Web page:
"Those indulgent, comfort food-esque dishes Tieghan is] known for aren't going anywhere. . . . You'll be hard-pressed to decide which one to make first."--Food & Wine We all want to make and serve our loved ones beautiful food--but we shouldn't have to work so hard to do it. With Half Baked Harvest Super Simple, Tieghan Gerard has solved that problem. On her blog and in her debut cookbook, Tieghan is beloved for her freshly sourced, comfort-food-forward recipes that taste even better than they look. Half Baked Harvest Super Simple takes what fans loved most about Half Baked Harvest Cookbook and distills it into quicker, more manageable dishes, including options for one-pot meals, night-before meal prep, and even some Instant Pot(R) or slow cooker recipes. Using the most important cooking basics, you'll whip up everyday dishes like Cardamom Apple Fritters, Spinach and Artichoke Mac and Cheese, and Lobster Tacos to share with your family, or plan stress-free dinner parties with options like Slow Roasted Moroccan Salmon and Fresh Corn and Zucchini Summer Lasagna. Especially for home cooks who are pressed for time or just starting out, Half Baked Harvest Super Simple is your go-to for hassle-free meals that never sacrifice taste.
A beautiful, delicious celebration of two natural sweeteners in irresistible recipes
Honey and maple syrup might be better for you than sugar. They might be better for the environment. But even better, and sweet as anything, is how these natural ingredients taste and the wonders they do for a dish. James Beard Award-winning cookbook author Beth Dooley and gifted photographer Mette Nielsen make the most of these flavors in this celebration of honey and maple syrup in traditional kitchens as well as cutting-edge food culture.
Full of easy ideas that include honey and maple syrup in foods both savory and sweet, this book features a wide range of irresistible recipes for breakfast, lunch, and dinner, for snacks and salads, condiments and vegetables, entr es and desserts, syrups, cocktails, and elixirs. Sweeten your table with rosemary honey butter, green tomato chutney, curry marinated herring, brown butter honey popcorn, savory maple black pepper biscotti, oven-roasted chicken thighs with pomegranate molasses, honey-glazed salmon salad, maple vanilla half-pound cake, elderberry throat coat, bourbon maple smash, and more.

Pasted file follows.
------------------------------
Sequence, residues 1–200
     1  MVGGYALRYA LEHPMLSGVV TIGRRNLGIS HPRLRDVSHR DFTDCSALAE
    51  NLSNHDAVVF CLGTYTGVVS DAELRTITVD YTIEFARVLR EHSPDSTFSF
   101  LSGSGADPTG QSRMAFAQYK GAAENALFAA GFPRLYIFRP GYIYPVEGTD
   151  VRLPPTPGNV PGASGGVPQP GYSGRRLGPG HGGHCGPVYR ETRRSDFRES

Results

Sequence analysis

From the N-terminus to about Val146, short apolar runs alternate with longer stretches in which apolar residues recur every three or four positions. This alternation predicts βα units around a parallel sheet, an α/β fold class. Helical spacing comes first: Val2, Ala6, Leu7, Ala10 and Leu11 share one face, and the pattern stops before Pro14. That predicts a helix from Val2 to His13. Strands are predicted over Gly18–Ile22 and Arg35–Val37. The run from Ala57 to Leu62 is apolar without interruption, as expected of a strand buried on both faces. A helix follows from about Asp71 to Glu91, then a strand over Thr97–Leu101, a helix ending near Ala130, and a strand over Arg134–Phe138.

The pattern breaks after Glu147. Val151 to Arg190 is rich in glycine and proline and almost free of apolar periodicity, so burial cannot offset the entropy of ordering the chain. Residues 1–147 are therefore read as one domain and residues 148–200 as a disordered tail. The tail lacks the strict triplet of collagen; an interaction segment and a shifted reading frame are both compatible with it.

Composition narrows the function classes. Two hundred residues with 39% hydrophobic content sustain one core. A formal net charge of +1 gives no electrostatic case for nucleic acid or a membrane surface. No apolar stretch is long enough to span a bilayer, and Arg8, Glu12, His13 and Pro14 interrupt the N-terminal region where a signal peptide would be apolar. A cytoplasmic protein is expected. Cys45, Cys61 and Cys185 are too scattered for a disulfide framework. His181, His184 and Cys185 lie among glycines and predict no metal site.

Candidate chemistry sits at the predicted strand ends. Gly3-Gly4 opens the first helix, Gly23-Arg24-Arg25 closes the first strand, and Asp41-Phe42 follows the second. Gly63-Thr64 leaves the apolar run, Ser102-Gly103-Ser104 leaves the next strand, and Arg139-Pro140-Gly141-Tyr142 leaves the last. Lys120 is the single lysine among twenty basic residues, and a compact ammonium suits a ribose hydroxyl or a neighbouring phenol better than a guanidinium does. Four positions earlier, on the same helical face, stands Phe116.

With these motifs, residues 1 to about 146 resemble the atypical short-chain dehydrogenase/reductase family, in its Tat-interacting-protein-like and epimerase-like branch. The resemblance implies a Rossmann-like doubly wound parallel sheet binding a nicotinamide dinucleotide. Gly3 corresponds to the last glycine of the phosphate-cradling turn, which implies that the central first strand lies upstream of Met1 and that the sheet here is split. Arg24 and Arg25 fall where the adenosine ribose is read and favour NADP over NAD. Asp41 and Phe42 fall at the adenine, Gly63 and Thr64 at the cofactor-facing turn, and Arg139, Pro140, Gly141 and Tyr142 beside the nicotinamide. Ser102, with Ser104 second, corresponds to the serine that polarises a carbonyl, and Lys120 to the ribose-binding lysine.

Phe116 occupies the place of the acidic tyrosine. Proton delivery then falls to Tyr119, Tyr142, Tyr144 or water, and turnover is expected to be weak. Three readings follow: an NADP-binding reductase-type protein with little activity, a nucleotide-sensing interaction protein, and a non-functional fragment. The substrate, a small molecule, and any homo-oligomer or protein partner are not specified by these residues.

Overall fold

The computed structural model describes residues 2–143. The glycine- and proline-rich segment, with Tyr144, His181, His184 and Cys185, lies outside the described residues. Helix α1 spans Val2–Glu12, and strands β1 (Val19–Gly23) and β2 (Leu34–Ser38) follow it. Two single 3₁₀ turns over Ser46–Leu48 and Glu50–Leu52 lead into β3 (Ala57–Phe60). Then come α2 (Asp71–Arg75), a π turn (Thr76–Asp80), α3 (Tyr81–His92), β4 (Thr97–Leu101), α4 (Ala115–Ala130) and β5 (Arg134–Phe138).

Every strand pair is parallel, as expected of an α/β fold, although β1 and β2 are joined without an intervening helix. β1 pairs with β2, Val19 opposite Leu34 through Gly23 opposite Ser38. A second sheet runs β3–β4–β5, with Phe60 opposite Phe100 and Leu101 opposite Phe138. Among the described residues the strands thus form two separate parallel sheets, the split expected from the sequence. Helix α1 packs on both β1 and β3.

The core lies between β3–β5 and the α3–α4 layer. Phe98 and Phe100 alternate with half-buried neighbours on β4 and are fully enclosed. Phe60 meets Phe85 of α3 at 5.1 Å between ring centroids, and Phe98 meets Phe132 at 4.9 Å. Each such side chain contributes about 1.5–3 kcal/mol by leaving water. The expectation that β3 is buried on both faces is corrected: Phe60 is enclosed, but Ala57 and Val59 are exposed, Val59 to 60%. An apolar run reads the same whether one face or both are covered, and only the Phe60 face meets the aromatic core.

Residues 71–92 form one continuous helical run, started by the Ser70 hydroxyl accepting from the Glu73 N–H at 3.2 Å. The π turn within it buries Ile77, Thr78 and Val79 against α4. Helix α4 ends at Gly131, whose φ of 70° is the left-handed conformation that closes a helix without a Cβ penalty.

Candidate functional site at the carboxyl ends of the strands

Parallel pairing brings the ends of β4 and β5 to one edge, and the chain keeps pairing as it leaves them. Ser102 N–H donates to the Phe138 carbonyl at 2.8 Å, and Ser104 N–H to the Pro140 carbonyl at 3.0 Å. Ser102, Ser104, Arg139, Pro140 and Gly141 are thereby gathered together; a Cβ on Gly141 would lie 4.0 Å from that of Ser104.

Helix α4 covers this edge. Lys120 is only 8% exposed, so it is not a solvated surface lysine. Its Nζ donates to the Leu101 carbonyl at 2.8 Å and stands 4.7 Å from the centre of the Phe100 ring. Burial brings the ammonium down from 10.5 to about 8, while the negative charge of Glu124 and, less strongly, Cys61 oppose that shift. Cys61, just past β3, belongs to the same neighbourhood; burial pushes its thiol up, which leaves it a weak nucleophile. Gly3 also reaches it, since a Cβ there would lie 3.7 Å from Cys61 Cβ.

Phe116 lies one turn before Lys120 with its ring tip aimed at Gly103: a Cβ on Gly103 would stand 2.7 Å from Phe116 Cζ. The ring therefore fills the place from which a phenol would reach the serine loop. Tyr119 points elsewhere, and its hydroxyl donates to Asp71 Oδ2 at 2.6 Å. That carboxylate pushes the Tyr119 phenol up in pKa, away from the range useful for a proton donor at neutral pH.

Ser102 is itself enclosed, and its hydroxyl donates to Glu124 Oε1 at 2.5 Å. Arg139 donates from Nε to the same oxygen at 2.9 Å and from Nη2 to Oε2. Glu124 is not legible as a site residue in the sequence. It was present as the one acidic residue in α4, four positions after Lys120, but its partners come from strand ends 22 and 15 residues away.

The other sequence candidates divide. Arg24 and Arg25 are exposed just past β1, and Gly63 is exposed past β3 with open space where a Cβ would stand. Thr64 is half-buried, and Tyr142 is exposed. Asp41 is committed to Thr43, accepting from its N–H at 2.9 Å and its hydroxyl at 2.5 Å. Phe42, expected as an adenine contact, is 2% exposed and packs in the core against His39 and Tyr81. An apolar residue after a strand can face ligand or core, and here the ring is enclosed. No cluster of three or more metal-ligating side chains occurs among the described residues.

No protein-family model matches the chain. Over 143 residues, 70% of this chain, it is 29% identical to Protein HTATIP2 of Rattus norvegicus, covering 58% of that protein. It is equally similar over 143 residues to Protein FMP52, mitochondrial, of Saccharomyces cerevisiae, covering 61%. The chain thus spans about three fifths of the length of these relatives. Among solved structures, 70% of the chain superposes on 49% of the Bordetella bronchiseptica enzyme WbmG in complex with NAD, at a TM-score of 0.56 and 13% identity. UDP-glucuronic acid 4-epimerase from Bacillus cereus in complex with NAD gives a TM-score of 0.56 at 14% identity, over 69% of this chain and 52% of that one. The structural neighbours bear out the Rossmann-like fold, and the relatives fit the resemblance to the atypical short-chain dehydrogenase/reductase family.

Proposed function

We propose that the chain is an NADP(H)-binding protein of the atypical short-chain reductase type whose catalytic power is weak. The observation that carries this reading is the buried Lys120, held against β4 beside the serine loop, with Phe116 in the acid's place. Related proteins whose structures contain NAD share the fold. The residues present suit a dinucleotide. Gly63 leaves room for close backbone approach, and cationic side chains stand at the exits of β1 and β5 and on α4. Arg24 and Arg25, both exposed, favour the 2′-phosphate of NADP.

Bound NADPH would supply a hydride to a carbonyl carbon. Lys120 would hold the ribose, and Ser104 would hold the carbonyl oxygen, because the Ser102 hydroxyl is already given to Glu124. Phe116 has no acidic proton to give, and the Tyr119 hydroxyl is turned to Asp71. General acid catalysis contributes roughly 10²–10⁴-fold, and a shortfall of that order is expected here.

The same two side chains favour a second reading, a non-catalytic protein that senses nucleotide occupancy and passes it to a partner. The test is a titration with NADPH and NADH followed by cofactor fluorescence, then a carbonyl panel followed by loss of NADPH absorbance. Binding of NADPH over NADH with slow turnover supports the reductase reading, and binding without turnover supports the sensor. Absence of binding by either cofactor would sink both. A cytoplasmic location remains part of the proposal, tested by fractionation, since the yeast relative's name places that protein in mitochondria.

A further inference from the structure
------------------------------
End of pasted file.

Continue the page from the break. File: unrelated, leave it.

With its innovative recipes, practical tips, conversion charts, historical and scientific facts, information on nutritional value, suggestions for storage and sourcing, and above all Mette Nielsen's remarkable photographs, Sweet Nature invites us to fully enjoy these two iconic ingredients from nature's pantry.
From Brooklyn's sizzling restaurant scene, the hottest cookbook of the season...
From urban singles to families with kids, local residents to the Hollywood set, everyone flocks to Frankies Spuntino--a tin-ceilinged, brick-walled restaurant in Brooklyn's Carroll Gardens--for food that is "completely satisfying" (wrote Frank Bruni in The New York Times). The two Franks, both veterans of gourmet kitchens, created a menu filled with new classics: Italian American comfort food re-imagined with great ingredients and greenmarket sides. This witty cookbook, with its gilded edges and embossed cover, may look old-fashioned, but the recipes are just we want to eat now. The entire Frankies menu is adapted here for the home cook--from small bites including Cremini Mushroom and Truffle Oil Crostini, to such salads as Escarole with Sliced Onion & Walnuts, to hearty main dishes including homemade Cavatelli with Hot Sausage & Browned Butter. With shortcuts and insider tricks gleaned from years in gourmet kitchens, easy tutorials on making fresh pasta or tying braciola, and an amusing discourse on Brooklyn-style Sunday "sauce" (ragu), The Frankies Spuntino Kitchen Companion & Kitchen Manual will seduce both experienced home cooks and a younger audience that is newer to the kitchen.